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More Employers Offer Health Plans That Link Deductibles With Employee Health

Armen Hareyan's picture

USA Todayon Wednesday examined the "growing effort by employers to both shiftadditional medical costs to workers and provide incentives for workersto pay more attention to their own health."

For example, UnitedHealthcarethis month plans to offer to mid-sized employers in Rhode Island,Pennsylvania, Ohio and Colorado a high-deductible health plan underwhich employees could help offset the cost of the deductible --provided that they meet specific standards for nicotine use, bloodpressure and cholesterol levels, and height-weight ratio in testsconducted at a workplace clinic administered by BeniComp, a benefits administrator in Fort Wayne, Ind.

Employeeswho meet the specific standards could receive as many as four creditsvalued at $500 each to help offset the cost of the deductible.Employees who do not meet the specific standards could enroll inweight-loss and other health management classes throughUnitedHealthcare.

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Supplemental Plan

In 2004, Swiss Village Retirement Community,a not-for-profit company in Berne, Ind., implemented a similar healthplan. Swiss Village switched employees from a health plan with a $500annual deductible to a plan with a $2,500 annual deductible. SwissVillage also offered employees a supplemental plan sponsored byBeniComp under which they can receive credits valued at as much as$2,000, provided that they maintain a healthy weight, do not smoke, andmeet specific standards for blood pressure and cholesterol levels.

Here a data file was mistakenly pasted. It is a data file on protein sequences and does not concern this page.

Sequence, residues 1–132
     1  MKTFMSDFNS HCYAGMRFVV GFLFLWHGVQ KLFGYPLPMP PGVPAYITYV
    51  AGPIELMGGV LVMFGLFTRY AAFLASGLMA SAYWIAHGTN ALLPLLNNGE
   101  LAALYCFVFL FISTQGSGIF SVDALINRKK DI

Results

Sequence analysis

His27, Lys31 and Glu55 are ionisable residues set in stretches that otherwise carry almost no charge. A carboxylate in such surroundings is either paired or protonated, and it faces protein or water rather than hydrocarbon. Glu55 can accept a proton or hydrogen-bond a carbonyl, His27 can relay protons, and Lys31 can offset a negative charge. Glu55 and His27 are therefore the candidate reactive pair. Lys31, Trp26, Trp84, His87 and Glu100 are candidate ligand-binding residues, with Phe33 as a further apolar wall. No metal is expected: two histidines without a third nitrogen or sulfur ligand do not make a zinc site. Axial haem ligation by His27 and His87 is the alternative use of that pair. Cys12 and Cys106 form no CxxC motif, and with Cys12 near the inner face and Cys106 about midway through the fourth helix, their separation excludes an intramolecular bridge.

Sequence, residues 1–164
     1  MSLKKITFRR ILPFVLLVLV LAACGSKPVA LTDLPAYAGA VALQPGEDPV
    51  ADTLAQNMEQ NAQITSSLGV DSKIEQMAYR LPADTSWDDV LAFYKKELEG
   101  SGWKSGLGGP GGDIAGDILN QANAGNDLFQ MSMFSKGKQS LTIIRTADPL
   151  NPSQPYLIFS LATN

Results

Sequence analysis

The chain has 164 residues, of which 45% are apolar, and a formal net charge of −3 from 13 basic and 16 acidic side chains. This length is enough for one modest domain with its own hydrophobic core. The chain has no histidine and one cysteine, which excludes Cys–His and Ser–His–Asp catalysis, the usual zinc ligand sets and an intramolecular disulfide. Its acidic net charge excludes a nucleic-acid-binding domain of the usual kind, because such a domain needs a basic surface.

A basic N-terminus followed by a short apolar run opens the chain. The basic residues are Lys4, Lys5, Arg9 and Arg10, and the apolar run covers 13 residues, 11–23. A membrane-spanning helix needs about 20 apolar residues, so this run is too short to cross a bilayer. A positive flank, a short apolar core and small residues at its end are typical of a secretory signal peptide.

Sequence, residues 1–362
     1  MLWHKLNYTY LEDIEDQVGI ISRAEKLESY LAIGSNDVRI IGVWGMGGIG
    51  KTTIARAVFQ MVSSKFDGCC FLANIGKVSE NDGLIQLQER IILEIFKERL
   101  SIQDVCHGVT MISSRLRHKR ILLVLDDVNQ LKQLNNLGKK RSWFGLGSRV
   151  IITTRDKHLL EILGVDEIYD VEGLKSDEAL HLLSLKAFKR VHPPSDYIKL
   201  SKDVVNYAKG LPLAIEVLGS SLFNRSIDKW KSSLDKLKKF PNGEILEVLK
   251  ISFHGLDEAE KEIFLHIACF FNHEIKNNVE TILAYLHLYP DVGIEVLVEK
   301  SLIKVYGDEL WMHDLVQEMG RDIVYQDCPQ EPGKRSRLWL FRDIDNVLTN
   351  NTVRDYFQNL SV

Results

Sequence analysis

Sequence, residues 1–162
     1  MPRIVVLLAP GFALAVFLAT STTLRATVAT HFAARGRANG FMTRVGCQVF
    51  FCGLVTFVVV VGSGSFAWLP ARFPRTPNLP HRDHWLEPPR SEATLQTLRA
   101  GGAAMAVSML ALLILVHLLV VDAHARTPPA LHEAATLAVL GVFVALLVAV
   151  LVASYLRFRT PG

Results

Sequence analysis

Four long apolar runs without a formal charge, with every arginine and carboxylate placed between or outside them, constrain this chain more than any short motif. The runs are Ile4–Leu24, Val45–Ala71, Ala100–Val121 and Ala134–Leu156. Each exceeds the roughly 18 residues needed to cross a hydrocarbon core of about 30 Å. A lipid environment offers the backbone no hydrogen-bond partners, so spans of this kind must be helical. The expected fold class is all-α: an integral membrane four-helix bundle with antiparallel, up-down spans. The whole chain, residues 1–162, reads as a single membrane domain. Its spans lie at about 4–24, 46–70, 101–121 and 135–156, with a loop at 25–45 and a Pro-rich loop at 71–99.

DarylMartin, executive director of Swiss Village, said that health carecosts for the company have decreased from 11.5% of wages before theswitch to 9.1% in the first year after the switch and to 7.5%thereafter. As a result, health insurance premiums for Swiss Villageemployees have not increased in three years, Martin said. BeniCompoffers the supplemental plan in 37 states.

According to USA Today,the "policies are among the first to set a financial price forachieving actual results, rather than just making attempts to controlconditions thought to play a role in development of illnesses such asheart disease, cancer, diabetes and stroke" (Appleby, USA Today, 7/11).

Reprinted with permission from kaisernetwork.org. Youcan view the entire Kaiser DailyHealth Policy Report, search the archives, and sign up for email deliveryat kaisernetwork.org/email. The Kaiser Daily Health Policy Report is published for kaisernetwork.org, afree service of The Henry J. Kaiser Family Foundation.